So to be more precise we need a scalable general purpose tool on a higher than code level of abstraction not neglecting data.
Enter: Flow Design.
Abstracting functionality using data flows
I believe the solution to the problem of abstracting functionality lies in switching from control flow to data flow.
Data flow very naturally is not about logic details anymore. There are no expressions and no control statements anymore. There are not even statements anymore. Data flow is declarative by nature.
With data flow we get rid of all the limiting traits of former approaches to modeling functionality.
In addition, nomen est omen, data flows include data in the functionality picture.
With data flows, data is visibly flowing from processing step to processing step. Control is not flowing. Control is wherever it´s needed to process data coming in.
That´s a crucial difference and needs some rewiring in your head to be fully appreciated.
Since data flows are declarative they are not the right tool to describe algorithms, though, I´d say. With them you don´t design functionality on a low level. During design data flow processing steps are black boxes. They get fleshed out during coding.
Data flow design thus is more coarse grained than flow chart design. It starts on a higher level of abstraction - but then is not limited. By nesting data flows indefinitely you can design functionality of any size, without losing sight of your data.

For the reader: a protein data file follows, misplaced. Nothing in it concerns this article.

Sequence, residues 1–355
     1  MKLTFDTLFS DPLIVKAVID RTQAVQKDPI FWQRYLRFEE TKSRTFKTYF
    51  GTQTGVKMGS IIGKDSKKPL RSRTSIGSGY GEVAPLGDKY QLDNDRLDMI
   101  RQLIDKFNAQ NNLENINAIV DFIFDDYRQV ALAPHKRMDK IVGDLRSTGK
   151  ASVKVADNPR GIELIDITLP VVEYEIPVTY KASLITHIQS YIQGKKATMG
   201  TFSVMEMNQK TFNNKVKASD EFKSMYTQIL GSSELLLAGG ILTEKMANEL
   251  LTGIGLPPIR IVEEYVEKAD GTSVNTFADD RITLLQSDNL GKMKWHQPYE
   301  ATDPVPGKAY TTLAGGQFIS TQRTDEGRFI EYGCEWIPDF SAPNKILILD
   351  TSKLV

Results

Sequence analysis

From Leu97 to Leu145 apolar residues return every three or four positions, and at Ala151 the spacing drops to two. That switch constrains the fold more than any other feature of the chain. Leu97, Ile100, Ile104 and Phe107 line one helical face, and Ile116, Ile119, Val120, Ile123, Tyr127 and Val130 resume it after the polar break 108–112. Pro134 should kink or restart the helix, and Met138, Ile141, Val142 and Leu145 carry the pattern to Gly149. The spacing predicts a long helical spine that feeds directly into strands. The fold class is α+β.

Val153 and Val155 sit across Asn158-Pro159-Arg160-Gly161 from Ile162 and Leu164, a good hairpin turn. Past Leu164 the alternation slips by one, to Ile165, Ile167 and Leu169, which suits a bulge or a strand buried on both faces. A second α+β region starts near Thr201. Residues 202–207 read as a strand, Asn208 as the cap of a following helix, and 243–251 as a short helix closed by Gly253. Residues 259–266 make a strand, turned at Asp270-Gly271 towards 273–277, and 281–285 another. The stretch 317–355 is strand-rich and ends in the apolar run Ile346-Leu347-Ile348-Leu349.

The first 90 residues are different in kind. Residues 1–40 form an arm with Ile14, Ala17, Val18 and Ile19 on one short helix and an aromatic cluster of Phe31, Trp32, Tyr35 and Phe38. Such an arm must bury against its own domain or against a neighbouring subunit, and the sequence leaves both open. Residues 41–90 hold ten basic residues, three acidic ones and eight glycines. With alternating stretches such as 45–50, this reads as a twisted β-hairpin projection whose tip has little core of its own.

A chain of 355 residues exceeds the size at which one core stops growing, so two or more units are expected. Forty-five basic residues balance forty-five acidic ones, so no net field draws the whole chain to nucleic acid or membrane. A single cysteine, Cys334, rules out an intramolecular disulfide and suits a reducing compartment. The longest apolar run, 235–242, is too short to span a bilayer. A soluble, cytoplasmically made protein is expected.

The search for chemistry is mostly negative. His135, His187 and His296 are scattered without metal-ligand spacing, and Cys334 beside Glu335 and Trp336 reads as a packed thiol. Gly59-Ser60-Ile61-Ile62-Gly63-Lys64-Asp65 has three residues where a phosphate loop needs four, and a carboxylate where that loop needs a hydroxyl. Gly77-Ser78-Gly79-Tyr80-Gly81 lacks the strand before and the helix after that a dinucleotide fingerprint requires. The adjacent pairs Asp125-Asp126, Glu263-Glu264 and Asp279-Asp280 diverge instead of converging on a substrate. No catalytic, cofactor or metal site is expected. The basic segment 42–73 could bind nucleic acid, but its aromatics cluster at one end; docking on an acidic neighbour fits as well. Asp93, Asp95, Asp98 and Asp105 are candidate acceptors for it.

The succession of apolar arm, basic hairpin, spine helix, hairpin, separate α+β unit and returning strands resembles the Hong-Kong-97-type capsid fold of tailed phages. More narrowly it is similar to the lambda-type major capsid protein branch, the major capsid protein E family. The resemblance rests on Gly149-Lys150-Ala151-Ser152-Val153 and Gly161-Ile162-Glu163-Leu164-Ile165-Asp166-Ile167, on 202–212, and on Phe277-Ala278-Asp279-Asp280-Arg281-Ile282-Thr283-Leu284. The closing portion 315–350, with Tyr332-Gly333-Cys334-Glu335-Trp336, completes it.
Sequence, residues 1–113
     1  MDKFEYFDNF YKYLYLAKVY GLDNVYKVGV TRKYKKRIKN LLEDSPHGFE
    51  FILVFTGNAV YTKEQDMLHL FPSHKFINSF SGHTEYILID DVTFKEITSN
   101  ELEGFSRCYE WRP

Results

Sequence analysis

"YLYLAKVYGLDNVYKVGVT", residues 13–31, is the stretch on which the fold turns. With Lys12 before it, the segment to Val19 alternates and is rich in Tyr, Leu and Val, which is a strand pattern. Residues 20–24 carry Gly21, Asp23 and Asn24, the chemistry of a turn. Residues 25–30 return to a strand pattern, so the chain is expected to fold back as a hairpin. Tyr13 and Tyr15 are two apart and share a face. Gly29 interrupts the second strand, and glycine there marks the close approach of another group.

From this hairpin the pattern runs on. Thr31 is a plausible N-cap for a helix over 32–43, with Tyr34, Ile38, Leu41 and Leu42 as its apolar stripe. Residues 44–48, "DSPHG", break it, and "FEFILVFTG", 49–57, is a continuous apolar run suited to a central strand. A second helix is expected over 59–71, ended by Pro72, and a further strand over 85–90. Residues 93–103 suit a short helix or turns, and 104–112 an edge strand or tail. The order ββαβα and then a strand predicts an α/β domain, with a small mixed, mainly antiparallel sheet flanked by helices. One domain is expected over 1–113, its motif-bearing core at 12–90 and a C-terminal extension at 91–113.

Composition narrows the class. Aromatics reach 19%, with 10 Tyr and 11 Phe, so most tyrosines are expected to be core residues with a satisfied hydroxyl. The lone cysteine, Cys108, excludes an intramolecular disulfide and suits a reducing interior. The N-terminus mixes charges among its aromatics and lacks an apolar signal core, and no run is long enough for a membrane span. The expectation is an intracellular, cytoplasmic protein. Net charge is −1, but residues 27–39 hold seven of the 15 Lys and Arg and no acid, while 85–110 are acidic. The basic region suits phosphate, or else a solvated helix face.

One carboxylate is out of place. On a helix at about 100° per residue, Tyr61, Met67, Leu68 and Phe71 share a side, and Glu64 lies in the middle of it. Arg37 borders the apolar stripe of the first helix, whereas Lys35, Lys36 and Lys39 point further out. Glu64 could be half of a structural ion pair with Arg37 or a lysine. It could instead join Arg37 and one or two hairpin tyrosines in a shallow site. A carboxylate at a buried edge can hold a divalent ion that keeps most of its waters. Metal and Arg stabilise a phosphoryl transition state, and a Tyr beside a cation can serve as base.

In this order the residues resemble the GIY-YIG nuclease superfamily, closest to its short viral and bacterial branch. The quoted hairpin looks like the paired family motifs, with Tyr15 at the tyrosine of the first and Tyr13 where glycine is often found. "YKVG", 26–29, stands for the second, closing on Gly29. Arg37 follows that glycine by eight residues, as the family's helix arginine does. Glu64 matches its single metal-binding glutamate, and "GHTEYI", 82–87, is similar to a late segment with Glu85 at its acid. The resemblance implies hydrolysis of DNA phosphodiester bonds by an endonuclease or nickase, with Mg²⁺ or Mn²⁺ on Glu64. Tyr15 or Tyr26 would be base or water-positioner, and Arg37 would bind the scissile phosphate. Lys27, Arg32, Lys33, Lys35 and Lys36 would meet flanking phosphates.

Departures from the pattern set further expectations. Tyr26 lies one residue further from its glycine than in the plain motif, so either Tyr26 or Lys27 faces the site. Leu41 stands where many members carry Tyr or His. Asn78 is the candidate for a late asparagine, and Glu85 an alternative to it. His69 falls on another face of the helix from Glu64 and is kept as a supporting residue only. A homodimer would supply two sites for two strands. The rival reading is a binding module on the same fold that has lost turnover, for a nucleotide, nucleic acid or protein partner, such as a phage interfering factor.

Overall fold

Data flows scale very well during design. They can be used on any level of granularity. And they can easily be depicted. Communicating designs using data flows is easy and scales well, too.
The result of functional design using data flows is not algorithms (too low level), but processes. Think of data flows as descriptions of industrial production lines. Data as material runs through a number of processing steps to be analyzed, enhances, transformed.
On the top level of a data flow design might be just one processing step, e.g. “execute 1-click order”. But below that are arbitrary levels of flows with smaller and smaller steps.
That´s not layering as in “layered architecture”, though. Rather it´s a stratified design à la Abelson/Sussman.
Refining data flows is not your grandpa´s functional decomposition. That was rooted in control flows. Refining data flows does not suffer from the limits of functional decomposition against which object orientation was supposed to be an antidote.
I´ve been working exclusively with data flows for functional design for the past 4 years. It has changed my life as a programmer. What once was difficult is now easy. And, no, I´m not using Clojure or F#. And I´m not a async/parallel execution buff.
Designing the functionality of increments using data flows works great with teams. It produces design documentation which can easily be translated into code - in which then the smallest data flow processing steps have to be fleshed out - which is comparatively easy.
Using a systematic translation approach code can mirror the data flow design. That way later on the design can easily be reproduced from the code if need be.
And finally, data flow designs play well with object orientation. They are a great starting point for class design. But that´s a story for another day.
To me data flow design simply is one of the missing links of systematic lightweight software design.
| posted on Friday, August 22, 2014 8:59 AM